318318 virtual void RegisterJITEventListener(JITEventListener *) {}
319319 virtual void UnregisterJITEventListener(JITEventListener *) {}
320320
321 /// DisableLazyCompilation - If called, the JIT will abort if lazy compilation
322 /// is ever attempted.
323 void DisableLazyCompilation(bool Disabled = true) {
324 LazyCompilationDisabled = Disabled;
325 }
326 bool isLazyCompilationDisabled() const {
327 return LazyCompilationDisabled;
321 /// EnableLazyCompilation - When lazy compilation is off (the default), the
322 /// JIT will eagerly compile every function reachable from the argument to
323 /// getPointerToFunction. If lazy compilation is turned on, the JIT will only
324 /// compile the one function and emit stubs to compile the rest when they're
325 /// first called. If lazy compilation is turned off again while some lazy
326 /// stubs are still around, and one of those stubs is called, the program will
327 /// abort.
328 ///
329 /// In order to safely compile lazily in a threaded program, the user must
330 /// ensure that 1) only one thread at a time can call any particular lazy
331 /// stub, and 2) any thread modifying LLVM IR must hold the JIT's lock
332 /// (ExecutionEngine::lock) or otherwise ensure that no other thread calls a
333 /// lazy stub. See http://llvm.org/PR5184 for details.
334 void EnableLazyCompilation(bool Enabled = true) {
335 CompilingLazily = Enabled;
336 }
337 bool isCompilingLazily() const {
338 return CompilingLazily;
328339 }
329340
330341 /// DisableGVCompilation - If called, the JIT will abort if it's asked to
4848 ExecutionEngine::ExecutionEngine(ModuleProvider *P)
4949 : EEState(*this),
5050 LazyFunctionCreator(0) {
51 LazyCompilationDisabled = false;
51 CompilingLazily = false;
5252 GVCompilationDisabled = false;
5353 SymbolSearchingDisabled = false;
5454 DlsymStubsEnabled = false;
598598 isAlreadyCodeGenerating = false;
599599
600600 // If the function referred to another function that had not yet been
601 // read from bitcode, but we are jitting non-lazily, emit it now.
601 // read from bitcode, and we are jitting non-lazily, emit it now.
602602 while (!jitstate->getPendingFunctions(locked).empty()) {
603603 Function *PF = jitstate->getPendingFunctions(locked).back();
604604 jitstate->getPendingFunctions(locked).pop_back();
615615
616616 // If the JIT is configured to emit info so that dlsym can be used to
617617 // rewrite stubs to external globals, do so now.
618 if (areDlsymStubsEnabled() && isLazyCompilationDisabled())
618 if (areDlsymStubsEnabled() && !isCompilingLazily())
619619 updateDlsymStubTable();
620620 }
621621
294294 void *&Stub = state.getFunctionToStubMap(locked)[F];
295295 if (Stub) return Stub;
296296
297 // Call the lazy resolver function unless we are JIT'ing non-lazily, in which
298 // case we must resolve the symbol now.
299 void *Actual = TheJIT->isLazyCompilationDisabled()
300 ? (void *)0 : (void *)(intptr_t)LazyResolverFn;
301
297 // Call the lazy resolver function if we are JIT'ing lazily. Otherwise we
298 // must resolve the symbol now.
299 void *Actual = TheJIT->isCompilingLazily()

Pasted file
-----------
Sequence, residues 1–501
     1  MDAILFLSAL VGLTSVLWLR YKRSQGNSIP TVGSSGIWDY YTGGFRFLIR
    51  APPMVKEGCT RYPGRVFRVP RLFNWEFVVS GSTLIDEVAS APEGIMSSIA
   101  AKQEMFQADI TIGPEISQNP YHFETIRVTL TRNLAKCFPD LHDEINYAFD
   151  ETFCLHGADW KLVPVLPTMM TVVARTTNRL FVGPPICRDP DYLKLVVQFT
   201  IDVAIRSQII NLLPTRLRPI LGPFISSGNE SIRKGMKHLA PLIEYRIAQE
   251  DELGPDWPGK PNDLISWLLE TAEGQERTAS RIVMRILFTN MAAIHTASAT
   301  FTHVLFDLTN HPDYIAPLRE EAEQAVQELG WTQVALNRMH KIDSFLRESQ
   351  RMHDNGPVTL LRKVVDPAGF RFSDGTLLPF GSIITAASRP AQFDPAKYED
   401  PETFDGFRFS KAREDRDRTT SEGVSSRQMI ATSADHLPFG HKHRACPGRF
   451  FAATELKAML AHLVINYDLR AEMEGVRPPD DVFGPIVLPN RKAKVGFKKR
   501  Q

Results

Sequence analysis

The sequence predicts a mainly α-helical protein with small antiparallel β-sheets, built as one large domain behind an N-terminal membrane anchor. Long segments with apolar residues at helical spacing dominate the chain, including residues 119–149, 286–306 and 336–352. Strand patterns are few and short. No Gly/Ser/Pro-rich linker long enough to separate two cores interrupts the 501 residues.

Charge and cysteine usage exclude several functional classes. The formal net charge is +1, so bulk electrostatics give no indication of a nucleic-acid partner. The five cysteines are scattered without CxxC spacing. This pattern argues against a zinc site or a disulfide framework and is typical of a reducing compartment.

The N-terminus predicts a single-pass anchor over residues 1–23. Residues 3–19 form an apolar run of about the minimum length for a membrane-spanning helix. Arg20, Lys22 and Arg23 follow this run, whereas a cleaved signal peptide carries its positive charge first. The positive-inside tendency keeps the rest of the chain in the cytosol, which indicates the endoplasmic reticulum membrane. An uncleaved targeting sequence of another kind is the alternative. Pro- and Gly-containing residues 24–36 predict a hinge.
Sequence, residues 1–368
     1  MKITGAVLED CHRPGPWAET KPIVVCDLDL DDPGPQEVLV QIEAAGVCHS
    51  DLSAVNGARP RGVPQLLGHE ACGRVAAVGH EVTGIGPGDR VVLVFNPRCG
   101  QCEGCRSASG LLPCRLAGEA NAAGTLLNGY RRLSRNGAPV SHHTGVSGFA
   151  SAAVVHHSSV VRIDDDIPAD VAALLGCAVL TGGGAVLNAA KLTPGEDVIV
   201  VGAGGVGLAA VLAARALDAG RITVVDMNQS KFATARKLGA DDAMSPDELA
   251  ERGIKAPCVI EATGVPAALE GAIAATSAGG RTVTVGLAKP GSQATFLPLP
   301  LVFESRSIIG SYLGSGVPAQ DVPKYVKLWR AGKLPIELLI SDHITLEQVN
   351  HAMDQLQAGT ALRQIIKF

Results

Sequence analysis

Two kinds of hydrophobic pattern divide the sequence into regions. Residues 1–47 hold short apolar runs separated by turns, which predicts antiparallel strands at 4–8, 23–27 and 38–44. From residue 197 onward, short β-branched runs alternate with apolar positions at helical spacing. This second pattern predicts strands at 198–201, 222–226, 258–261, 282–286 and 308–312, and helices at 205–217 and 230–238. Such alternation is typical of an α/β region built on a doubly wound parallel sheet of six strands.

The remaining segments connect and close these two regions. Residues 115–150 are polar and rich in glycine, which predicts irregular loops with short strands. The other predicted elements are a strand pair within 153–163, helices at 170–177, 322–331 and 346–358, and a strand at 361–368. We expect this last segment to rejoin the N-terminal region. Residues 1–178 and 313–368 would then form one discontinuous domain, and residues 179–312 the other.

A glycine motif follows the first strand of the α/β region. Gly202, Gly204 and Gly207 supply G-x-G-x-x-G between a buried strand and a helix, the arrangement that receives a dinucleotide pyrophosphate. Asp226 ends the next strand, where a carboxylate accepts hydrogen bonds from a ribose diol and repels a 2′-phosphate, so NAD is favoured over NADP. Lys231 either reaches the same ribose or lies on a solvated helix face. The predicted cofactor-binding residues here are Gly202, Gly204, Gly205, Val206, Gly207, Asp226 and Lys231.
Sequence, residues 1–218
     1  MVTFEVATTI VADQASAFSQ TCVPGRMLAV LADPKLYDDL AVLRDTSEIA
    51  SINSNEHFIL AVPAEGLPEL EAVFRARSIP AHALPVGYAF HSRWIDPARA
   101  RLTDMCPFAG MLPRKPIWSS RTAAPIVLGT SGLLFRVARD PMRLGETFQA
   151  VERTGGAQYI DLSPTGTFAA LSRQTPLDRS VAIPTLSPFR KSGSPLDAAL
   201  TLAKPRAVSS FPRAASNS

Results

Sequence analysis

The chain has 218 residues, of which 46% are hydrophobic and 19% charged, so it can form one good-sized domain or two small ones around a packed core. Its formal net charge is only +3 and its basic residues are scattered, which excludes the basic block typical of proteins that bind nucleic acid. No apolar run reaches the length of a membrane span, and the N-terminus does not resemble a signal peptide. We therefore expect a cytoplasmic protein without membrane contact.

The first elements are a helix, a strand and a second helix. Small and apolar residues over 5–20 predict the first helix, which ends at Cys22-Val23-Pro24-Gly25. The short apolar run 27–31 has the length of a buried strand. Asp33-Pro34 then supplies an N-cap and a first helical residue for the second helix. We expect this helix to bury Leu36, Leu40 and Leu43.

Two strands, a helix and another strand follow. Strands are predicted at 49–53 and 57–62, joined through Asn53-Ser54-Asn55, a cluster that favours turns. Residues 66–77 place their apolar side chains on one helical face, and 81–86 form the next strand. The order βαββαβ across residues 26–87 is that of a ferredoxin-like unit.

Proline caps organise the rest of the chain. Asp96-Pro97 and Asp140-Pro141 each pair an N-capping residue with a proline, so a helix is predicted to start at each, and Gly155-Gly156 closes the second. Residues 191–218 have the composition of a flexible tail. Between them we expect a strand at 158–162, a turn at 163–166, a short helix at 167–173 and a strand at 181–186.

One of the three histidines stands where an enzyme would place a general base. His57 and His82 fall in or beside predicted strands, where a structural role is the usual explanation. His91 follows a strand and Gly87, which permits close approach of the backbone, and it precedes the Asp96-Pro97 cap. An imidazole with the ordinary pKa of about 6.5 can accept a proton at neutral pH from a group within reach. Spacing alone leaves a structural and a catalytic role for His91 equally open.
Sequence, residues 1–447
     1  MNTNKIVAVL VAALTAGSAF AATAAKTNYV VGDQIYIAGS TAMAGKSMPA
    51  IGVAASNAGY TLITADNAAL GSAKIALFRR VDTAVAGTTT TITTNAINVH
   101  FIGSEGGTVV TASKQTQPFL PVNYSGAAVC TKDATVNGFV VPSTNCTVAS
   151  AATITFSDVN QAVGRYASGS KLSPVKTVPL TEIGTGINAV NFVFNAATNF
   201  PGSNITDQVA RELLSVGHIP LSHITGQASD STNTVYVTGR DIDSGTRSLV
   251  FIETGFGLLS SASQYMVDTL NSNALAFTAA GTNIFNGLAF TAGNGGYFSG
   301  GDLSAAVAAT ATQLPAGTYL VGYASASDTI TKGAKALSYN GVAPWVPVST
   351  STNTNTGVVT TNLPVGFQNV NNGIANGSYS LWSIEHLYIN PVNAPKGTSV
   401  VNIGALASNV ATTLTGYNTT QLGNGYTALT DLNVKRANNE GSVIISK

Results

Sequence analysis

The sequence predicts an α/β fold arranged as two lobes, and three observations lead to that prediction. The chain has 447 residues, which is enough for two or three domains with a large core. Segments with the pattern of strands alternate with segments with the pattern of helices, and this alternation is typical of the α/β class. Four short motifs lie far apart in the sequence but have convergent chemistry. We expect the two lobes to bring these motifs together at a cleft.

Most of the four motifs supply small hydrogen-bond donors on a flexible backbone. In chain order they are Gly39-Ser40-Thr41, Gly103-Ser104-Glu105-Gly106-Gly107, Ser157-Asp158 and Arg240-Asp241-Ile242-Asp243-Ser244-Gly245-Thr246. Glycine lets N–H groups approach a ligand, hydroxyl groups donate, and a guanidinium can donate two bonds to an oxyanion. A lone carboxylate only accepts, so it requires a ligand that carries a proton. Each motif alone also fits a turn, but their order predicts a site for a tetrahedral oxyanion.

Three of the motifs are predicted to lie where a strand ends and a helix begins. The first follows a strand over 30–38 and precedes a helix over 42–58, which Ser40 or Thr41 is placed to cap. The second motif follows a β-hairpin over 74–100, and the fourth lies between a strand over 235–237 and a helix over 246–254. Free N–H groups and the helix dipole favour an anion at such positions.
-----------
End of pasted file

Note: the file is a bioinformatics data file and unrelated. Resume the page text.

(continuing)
300 ? (void *)(intptr_t)LazyResolverFn : (void *)0;
301
302302 // If this is an external declaration, attempt to resolve the address now
303303 // to place in the stub.
304304 if (F->isDeclaration() && !F->hasNotBeenReadFromBitcode()) {
333333 // If we are JIT'ing non-lazily but need to call a function that does not
334334 // exist yet, add it to the JIT's work list so that we can fill in the stub
335335 // address later.
336 if (!Actual && TheJIT->isLazyCompilationDisabled())
336 if (!Actual && !TheJIT->isCompilingLazily())
337337 if (!F->isDeclaration() || F->hasNotBeenReadFromBitcode())
338338 TheJIT->addPendingFunction(F);
339339
470470 // Otherwise we don't have it, do lazy compilation now.
471471
472472 // If lazy compilation is disabled, emit a useful error message and abort.
473 if (TheJIT->isLazyCompilationDisabled()) {
473 if (!TheJIT->isCompilingLazily()) {
474474 llvm_report_error("LLVM JIT requested to do lazy compilation of function '"
475475 + F->getName() + "' when lazy compiles are disabled!");
476476 }
768768 // mechanism is capable of rewriting the instruction directly, prefer to do
769769 // that instead of emitting a stub. This uses the lazy resolver, so is not
770770 // legal if lazy compilation is disabled.
771 if (DoesntNeedStub && !TheJIT->isLazyCompilationDisabled())
771 if (DoesntNeedStub && TheJIT->isCompilingLazily())
772772 return Resolver.AddCallbackAtLocation(F, Reference);
773773
774774 // Otherwise, we have to emit a stub.
164164
165165 EE->RegisterJITEventListener(createOProfileJITEventListener());
166166
167 if (NoLazyCompilation)
168 EE->DisableLazyCompilation();
167 EE->EnableLazyCompilation(!NoLazyCompilation);
169168
170169 // If the user specifically requested an argv[0] to pass into the program,
171170 // do it now.
303303 Builder.CreateRet(result);
304304
305305 TheJIT->EnableDlsymStubs(false);
306 TheJIT->DisableLazyCompilation();
306 TheJIT->EnableLazyCompilation(false);
307307 int (*TestFunctionPtr)() = reinterpret_cast(
308308 (intptr_t)TheJIT->getPointerToFunction(TestFunction));
309309 // This used to crash in trying to call PlusOne().
313313 #if !defined(__arm__) && !defined(__powerpc__) && !defined(__ppc__)
314314 // Test a function C which calls A and B which call each other.
315315 TEST_F(JITTest, NonLazyCompilationStillNeedsStubs) {
316 TheJIT->DisableLazyCompilation();
316 TheJIT->EnableLazyCompilation(false);
317317
318318 const FunctionType *Func1Ty =
319319 cast(TypeBuilder::get(Context));
369369 // Regression test for PR5162. This used to trigger an AssertingVH inside the
370370 // JIT's Function to stub mapping.
371371 TEST_F(JITTest, NonLazyLeaksNoStubs) {
372 TheJIT->DisableLazyCompilation();
372 TheJIT->EnableLazyCompilation(false);
373373
374374 // Create two functions with a single basic block each.
375375 const FunctionType *FuncTy =